Neuronal splicing, RNA binding proteins, and beyond the infinite

Summary

Date: 
January 28, 2020 - 12:00pm
Location: 
Bio Labs 1080
About the Speaker
Name: 
John Calarco
Speaker Title: 
Assistant Professor
Speaker Affiliation: 
University of Toronto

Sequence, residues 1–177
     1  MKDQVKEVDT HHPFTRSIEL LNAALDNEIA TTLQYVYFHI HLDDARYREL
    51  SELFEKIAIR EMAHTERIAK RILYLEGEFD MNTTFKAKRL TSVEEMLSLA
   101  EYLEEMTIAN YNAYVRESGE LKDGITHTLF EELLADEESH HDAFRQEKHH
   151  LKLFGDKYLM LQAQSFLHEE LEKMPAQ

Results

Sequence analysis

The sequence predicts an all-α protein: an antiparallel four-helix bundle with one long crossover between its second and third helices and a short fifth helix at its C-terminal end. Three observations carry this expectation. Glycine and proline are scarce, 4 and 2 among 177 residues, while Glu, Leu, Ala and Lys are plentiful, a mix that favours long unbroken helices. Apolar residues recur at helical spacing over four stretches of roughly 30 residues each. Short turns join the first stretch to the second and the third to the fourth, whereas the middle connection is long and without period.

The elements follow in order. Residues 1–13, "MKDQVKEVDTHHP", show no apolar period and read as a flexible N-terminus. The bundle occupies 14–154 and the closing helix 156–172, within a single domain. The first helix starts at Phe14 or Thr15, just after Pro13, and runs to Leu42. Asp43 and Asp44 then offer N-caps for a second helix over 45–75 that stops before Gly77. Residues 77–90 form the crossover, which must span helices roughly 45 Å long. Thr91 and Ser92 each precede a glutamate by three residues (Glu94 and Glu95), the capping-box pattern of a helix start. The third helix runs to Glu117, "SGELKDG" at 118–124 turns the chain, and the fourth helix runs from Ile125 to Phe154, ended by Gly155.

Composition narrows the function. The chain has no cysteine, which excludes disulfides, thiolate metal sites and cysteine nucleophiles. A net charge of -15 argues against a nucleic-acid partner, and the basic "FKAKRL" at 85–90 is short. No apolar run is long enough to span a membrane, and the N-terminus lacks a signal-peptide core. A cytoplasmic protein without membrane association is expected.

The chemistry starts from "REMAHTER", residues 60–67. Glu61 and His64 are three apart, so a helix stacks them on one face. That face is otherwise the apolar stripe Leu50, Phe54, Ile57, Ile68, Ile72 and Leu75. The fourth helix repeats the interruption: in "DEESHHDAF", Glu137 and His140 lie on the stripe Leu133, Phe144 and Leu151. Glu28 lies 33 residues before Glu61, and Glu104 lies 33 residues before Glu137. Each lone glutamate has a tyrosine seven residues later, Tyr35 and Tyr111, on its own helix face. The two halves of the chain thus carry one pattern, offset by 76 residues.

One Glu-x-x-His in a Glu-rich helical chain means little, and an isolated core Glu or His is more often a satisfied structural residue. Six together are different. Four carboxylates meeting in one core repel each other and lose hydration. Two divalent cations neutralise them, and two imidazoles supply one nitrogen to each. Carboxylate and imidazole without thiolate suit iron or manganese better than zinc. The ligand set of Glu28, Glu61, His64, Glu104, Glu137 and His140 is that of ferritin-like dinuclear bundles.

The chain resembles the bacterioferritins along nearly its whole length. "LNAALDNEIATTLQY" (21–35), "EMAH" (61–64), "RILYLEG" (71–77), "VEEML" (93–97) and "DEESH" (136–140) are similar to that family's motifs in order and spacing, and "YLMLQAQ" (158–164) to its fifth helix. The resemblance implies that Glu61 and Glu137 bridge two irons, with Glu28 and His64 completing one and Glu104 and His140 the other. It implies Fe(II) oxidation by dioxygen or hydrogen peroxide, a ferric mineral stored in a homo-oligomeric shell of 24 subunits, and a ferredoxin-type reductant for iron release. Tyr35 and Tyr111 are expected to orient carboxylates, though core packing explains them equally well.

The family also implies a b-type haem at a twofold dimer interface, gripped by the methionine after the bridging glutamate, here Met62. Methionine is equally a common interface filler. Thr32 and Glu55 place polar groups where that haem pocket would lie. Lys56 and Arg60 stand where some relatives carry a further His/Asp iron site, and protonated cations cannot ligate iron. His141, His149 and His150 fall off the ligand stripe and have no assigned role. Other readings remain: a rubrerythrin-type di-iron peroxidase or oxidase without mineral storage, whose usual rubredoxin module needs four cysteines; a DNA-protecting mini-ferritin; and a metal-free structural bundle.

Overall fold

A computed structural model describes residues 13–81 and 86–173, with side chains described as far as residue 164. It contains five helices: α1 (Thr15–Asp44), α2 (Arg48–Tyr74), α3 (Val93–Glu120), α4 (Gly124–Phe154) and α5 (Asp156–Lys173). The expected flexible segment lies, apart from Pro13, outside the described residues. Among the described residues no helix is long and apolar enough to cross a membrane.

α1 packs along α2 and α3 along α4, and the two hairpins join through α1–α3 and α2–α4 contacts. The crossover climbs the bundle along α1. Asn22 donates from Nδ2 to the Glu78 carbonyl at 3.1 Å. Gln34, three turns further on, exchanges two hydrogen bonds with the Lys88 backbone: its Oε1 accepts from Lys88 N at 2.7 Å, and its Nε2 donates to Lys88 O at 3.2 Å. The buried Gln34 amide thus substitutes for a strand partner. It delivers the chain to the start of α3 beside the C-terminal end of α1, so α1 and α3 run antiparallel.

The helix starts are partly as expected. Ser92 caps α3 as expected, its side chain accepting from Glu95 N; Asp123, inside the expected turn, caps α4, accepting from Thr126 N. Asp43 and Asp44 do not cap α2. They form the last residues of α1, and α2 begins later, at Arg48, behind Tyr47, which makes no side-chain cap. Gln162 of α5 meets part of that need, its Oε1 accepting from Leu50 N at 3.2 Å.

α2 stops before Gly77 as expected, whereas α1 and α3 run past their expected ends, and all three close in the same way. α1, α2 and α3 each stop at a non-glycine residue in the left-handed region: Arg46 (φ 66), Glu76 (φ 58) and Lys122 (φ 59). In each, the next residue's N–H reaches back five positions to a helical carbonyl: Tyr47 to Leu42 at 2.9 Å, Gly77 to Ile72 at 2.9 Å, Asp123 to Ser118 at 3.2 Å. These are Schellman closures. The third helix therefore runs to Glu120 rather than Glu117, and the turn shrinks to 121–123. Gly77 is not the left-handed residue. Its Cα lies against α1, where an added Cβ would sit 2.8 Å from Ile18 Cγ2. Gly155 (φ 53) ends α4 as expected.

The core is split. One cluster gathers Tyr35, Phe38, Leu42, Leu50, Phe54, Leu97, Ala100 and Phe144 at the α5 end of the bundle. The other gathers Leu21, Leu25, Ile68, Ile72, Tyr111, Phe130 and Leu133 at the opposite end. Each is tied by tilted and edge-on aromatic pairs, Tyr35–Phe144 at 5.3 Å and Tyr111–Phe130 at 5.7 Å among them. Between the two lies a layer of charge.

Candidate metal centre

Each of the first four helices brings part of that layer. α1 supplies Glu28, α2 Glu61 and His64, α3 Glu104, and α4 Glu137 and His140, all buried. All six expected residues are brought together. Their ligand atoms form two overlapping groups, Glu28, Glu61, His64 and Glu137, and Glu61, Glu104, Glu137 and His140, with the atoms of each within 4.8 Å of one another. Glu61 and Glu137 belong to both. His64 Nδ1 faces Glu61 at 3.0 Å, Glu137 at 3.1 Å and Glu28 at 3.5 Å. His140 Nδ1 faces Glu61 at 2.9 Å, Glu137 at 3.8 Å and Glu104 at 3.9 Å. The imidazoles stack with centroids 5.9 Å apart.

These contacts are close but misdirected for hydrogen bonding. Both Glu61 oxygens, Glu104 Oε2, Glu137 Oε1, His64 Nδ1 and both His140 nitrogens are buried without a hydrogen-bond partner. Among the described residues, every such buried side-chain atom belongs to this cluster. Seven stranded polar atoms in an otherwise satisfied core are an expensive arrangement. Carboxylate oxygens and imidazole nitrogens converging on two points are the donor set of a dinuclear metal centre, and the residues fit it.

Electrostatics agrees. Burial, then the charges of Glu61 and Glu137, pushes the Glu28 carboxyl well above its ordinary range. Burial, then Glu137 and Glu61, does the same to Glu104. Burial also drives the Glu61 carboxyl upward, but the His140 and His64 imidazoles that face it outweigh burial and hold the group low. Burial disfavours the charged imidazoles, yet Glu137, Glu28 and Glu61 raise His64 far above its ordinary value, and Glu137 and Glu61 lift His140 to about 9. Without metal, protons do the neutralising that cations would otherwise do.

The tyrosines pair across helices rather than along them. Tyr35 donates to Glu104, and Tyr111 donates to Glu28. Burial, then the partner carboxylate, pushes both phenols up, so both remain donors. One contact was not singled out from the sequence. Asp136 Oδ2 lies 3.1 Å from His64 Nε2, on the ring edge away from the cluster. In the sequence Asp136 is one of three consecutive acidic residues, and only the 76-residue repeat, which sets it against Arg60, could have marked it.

Nervous systems are composed of multiple neuronal subtypes, each with unique functional roles that collectively regulate the response to stimuli and behaviour. The terminal fates of these neuronal subtypes are thought to be programmed by transcription factors. However, post-transcriptional layers of gene regulation, such as alternative splicing, are being increasingly appreciated for their role in shaping the physiology of individual neuron types. In this seminar, I will highlight our efforts to characterize the repertoire of tissue and neuron-subtype specific splice variants in the model organism C. elegans using the Translating Ribosome Affinity Purification (TRAP-Seq) approach. Collectively, we have identified hundreds of isoforms that exhibit distinct splicing patterns across broad tissue types, and between neuronal subtypes. Intriguingly, our analysis has also identified examples of highly conserved micro-exons (<27 nucleotides), initially thought to exist primarily in vertebrate genomes. In a second project, I will describe our ongoing aim to map the expression and sub-cellular localization patterns of all neuronal RNA binding proteins at single neuron resolution in C. elegans, and insights we have discovered thus far. Collectively, we hope this work will provide a deeper understanding of the importance and mechanisms governing post-transcriptional gene regulation in the nervous system.